Sanction - Dave Macleod, BNI Boulder -Font 8b It's been an early start at Dumbarton and folk are making progress, I'm very close to bagging my long term nemesis that is Pongo SS, but the weather has turned wet again and this problem is a weeper - figuratively and literally... however, I heard that Malcolm Smith made the second ascent of Pressure while Dave MacLeod completed the roof section of his project on the BNI boulder - Sanction is the left side of the roof ( Sabotage the right) which is a hard Font 8b, the link-up through the Perfect Crime start will make it Dumby's hardest... Meanwhile, Alan Cassidy despatched King Kong - a frustrating Font 8a which is very easy to fail on at the last moves. 'Justice!' is Cassidy's comment on the whole affair! Michael Lee is also making progress on the Consolidated traverse, so we should watch for him eating through the grades... Michael Lee working the end of Consolidated On a weirder note, Dumbarton it seems is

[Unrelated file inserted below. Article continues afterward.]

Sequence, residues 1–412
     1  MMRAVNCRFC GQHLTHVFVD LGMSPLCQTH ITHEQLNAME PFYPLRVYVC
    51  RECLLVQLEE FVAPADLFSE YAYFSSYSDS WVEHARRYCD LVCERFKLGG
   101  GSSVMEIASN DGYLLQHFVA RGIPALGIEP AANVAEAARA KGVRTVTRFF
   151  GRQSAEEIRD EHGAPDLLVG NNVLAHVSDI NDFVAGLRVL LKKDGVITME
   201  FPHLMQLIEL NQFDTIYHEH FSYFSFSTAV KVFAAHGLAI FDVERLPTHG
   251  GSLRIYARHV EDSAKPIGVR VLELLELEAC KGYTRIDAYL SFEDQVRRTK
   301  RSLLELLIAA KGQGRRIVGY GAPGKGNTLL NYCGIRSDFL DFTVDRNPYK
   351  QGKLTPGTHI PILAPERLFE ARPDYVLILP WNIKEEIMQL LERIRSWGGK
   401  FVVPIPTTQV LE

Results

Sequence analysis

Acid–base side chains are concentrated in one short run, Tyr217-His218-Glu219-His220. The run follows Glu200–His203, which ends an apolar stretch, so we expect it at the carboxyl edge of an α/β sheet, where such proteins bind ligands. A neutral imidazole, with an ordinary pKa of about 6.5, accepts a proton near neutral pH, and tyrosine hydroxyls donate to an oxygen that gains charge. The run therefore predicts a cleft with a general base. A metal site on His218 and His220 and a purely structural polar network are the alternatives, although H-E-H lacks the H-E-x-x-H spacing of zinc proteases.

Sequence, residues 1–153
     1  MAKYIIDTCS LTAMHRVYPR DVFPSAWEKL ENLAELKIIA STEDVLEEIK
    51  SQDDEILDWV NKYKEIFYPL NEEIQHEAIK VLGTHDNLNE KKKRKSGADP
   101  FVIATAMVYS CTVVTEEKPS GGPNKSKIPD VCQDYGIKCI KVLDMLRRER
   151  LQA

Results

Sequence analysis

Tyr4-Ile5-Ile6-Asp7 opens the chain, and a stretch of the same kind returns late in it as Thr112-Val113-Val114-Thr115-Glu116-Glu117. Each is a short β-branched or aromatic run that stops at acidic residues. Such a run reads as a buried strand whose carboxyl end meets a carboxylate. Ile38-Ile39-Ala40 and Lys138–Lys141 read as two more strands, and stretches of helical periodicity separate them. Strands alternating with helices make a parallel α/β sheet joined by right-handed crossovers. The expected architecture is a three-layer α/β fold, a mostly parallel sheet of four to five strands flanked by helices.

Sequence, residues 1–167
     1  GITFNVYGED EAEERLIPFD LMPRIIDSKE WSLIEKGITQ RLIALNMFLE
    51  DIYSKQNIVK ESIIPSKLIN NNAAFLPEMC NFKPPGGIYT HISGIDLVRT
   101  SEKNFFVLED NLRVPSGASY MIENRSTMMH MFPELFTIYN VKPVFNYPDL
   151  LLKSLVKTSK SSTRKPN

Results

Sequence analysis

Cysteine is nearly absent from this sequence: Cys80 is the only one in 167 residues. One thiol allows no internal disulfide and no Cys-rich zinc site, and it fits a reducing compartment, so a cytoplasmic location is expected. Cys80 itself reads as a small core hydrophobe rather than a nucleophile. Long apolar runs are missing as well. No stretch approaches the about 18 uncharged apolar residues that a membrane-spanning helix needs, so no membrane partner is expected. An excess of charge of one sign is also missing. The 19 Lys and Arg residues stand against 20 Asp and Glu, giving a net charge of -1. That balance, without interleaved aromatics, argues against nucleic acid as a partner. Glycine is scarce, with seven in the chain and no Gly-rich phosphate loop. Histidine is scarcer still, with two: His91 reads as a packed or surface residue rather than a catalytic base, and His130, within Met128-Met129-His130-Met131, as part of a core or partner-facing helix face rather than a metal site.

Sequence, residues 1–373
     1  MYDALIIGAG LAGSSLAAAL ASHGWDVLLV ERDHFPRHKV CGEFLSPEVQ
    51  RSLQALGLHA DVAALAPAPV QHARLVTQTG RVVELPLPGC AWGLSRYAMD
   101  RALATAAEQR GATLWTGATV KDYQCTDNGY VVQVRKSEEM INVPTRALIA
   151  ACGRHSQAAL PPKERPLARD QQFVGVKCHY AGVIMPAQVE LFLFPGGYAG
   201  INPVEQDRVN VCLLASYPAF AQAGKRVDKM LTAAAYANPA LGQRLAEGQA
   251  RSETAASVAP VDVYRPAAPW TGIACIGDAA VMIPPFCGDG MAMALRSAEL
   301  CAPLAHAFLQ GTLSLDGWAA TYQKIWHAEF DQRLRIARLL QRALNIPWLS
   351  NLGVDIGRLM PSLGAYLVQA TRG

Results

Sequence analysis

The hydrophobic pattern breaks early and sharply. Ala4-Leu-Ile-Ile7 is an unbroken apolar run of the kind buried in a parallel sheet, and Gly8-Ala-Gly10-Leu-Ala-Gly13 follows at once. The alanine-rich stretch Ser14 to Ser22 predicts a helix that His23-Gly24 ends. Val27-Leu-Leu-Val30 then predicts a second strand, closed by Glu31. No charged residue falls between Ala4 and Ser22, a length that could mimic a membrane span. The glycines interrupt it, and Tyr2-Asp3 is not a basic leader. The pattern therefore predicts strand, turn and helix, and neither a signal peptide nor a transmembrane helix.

Mission to succeed...

Richie betts on The Mission - Torridon - pic by Ian Taylor Scottish bouldering news that has filtered through to me on the drip-feed...Richie Betts has been the most committed blocboy this month with the first ascent of the oft-spied project of the rippled wall on the Ship boulder, Torridon Campsite... he managed to find a sequence trending right on this very blank wall and thought it Font 7b+, probably worth V9 for the commitment to this far-flung corner of the bouldering pantheon. Here's the story: Just got back from Torridon where I managed to climb south face of the ship boulder via the slim groove on the right hand side. Ian pointed me at this a few weeks ago and it's a great line, visible from the road as you come down the Glen. It looks like it should be fairly easy as it contains the only real features/holds on the face, and these look massive compared to the blank wall to the left which is just covered in shallow ripples and pebbles. However...It ended up being much